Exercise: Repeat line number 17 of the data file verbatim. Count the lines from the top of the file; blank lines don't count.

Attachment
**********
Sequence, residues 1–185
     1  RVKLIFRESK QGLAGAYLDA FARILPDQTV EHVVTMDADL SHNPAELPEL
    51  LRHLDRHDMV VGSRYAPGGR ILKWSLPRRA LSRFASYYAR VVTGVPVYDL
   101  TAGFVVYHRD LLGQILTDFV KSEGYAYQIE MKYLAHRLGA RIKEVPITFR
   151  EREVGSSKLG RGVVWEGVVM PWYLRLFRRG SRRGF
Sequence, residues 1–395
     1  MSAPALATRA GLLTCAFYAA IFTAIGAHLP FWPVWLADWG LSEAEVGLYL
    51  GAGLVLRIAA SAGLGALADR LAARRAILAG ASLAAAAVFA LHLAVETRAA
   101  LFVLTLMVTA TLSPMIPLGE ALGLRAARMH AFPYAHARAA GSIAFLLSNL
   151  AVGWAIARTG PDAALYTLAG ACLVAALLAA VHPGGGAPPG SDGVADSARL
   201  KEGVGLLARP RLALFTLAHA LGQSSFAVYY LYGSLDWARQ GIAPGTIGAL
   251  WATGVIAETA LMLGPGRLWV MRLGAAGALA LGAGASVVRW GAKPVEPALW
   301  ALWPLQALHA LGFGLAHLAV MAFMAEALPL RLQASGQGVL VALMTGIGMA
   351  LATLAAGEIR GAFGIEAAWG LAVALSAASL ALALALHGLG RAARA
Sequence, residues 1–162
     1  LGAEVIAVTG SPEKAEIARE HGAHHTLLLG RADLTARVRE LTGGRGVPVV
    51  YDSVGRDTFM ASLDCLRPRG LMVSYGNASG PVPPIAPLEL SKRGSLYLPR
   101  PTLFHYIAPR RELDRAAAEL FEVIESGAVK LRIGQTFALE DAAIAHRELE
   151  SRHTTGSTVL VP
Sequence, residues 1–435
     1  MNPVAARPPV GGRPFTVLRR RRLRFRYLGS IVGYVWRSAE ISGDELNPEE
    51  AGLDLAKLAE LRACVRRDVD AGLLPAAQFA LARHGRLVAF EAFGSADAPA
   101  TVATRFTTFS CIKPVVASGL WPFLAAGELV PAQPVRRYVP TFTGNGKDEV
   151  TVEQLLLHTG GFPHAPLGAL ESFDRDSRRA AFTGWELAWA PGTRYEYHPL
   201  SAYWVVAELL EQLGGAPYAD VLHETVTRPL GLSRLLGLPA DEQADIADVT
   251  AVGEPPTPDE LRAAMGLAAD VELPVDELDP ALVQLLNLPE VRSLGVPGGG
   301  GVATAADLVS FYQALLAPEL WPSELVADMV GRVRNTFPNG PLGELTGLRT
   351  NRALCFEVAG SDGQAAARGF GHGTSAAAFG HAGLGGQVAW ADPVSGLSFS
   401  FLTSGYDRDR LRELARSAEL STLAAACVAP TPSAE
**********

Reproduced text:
    51  YDSVGRDTFM ASLDCLRPRG LMVSYGNASG PVPPIAPLEL SKRGSLYLPR